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Wikipedia: Caligula
Caligula
From Wikipedia, the free encyclopedia.

Gaius Caesar Germanicus (August 31, 12 - January 24, 41), also known as Gaius Caesar or Caligula, was a Roman emperor born in Antium (modern day Anzio) who reigned 37-41. Known for his extremely extravagant, eccentric, and sometimes cruel despotism, he was assassinated in 41 by several of his own guards.

He was the youngest son of Germanicus and Agrippina the Elder. His great-grandfather was Augustus, his great-uncle Tiberius and his uncle Claudius. See Julio-Claudian Family Tree.

Gaius' life started out promising. For one, his parents were extremely famous. Germanicus was loved as Rome's most beloved general and as Augustus' adopted grandson, which cemented his connection to the Julian Clan. Agrippina was Augustus' granddaughter and was the model for what the perfect Roman woman should be. Gaius became the mascot of his father's army. The soldiers were amused whenever Agrippina put on a miniature soldier costume on Gaius, and he was soon given his nickname "Caligula", meaning "Little Boot" in Latin for the small boots he wore that were part of his costume. In 14 AD, when news of Augustus' death made its way, the soldiers of Germanicus' camp almost started a mutiny, opposing the rise of Tiberius because they wanted Germanicus as Emperor. Germanicus sent Agrippina and Caligula away from the mess that was soon to brew and tried to calm his men down. The men soon became more horrified at the prospect of their dear mascot being sent away. Promises of being good made its way to Germanicus, if only Caligula could return. Germanicus sent for Agrippina and Caligula again.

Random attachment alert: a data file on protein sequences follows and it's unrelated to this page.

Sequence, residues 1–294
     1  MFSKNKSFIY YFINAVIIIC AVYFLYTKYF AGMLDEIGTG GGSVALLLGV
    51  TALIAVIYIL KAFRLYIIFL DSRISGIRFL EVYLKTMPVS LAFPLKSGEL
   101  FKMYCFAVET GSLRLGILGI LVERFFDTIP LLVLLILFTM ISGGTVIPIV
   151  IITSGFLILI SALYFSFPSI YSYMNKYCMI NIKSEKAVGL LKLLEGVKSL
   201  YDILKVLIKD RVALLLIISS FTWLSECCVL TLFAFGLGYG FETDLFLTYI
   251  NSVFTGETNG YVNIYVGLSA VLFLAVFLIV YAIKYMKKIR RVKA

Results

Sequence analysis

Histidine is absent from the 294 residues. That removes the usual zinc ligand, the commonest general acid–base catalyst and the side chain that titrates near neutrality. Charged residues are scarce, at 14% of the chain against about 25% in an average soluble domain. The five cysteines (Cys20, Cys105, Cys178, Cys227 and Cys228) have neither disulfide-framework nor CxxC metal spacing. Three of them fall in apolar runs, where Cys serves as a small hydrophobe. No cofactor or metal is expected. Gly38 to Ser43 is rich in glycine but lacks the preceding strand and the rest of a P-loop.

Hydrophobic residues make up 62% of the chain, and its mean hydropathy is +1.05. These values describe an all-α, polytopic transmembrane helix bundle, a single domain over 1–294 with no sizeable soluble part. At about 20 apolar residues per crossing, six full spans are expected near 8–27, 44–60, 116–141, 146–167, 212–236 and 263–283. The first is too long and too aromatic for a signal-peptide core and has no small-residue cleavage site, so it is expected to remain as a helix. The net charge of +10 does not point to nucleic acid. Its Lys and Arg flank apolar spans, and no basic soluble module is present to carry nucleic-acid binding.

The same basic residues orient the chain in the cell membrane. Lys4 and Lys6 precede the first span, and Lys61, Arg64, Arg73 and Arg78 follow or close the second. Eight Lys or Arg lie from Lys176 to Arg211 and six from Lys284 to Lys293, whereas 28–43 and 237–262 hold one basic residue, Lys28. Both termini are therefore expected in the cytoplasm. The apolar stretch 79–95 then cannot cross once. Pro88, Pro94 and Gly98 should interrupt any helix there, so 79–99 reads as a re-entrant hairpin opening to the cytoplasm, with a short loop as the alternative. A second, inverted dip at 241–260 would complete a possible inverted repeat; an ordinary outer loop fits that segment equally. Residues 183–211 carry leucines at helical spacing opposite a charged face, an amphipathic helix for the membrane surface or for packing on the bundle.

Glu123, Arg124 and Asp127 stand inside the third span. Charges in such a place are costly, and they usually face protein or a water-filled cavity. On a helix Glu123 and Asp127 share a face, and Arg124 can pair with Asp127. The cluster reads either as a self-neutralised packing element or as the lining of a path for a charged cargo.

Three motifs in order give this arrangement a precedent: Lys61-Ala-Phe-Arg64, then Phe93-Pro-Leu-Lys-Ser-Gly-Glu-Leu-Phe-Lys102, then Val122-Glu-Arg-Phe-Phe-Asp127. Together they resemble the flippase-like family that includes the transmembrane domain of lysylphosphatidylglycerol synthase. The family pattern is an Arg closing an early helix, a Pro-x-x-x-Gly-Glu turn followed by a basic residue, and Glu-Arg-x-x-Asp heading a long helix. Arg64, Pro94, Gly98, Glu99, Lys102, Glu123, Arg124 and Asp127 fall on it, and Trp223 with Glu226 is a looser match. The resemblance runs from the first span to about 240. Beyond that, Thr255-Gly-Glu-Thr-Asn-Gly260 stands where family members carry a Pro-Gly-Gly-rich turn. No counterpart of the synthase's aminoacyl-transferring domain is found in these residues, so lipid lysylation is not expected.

The new Emperor, Tiberius, made Germanicus his adopted son. But Tiberius was not too fond of Germanicus, jealousy at Germanicus' popularity may have been a factor. Either way, Germanicus died on October 10, 19 AD. The relationship between Tiberius and Agrippina didn't improve and Caligula, along with his sisters, went to live with their great-grandmother, Livia (widow of Augustus and mother of Tiberius) and then with their grandmother Antonia when Livia died in 27 AD. Livia or Antonia didn't have time to watch Caligula, so the only comfort he had was with his sisters. Stories have been told of Caligula already beginning incest with his sisters around this time.

Caligula's life was in constant danger. Tiberius' Praetorian Prefect, Sejanus, was in power now, doing everything he could to gain power over Tiberius. Outrageous treason accusations floated around those closest to the Emperor, including most of Caligula's family. His mother Agrippina was banished to an island, where she starved herself. His two oldest brothers, Nero and Drusus, also died. Drusus' body was found locked in a dungeon with stuffing from his mattress in his mouth to keep off the hunger. Sejanus had plans for Caligula, but he was brought down and killed based on information given to Tiberius by Antonia.

By this time Caligula was already in favor with Tiberius. He was summoned to the island of Capri to stay with Tiberius on one of his many villas on the island. Rumors have it of extreme perversions happening on Capri. Tiberius was without the people who managed to keep him in line (Augustus, Livia, his brother Drusus....) so he felt free to indulge in whatever perversions he wanted. Whether this is true or not is hard to say. Unpopular Emperors like Tiberius or Caligula rarely had the whole truth painted about them, and rumors are rampant in ancient texts.

What Caligula did on Capri is hard to say as well. He was extremely servile to Tiberius, acting nice to the old man who had killed his family off. But popular stories say that at night he would turn around and inflict torture on slaves and watch bloody gladiatorial games with glee. In 33 AD Tiberius gave Caligula the position of honorary quaestorship.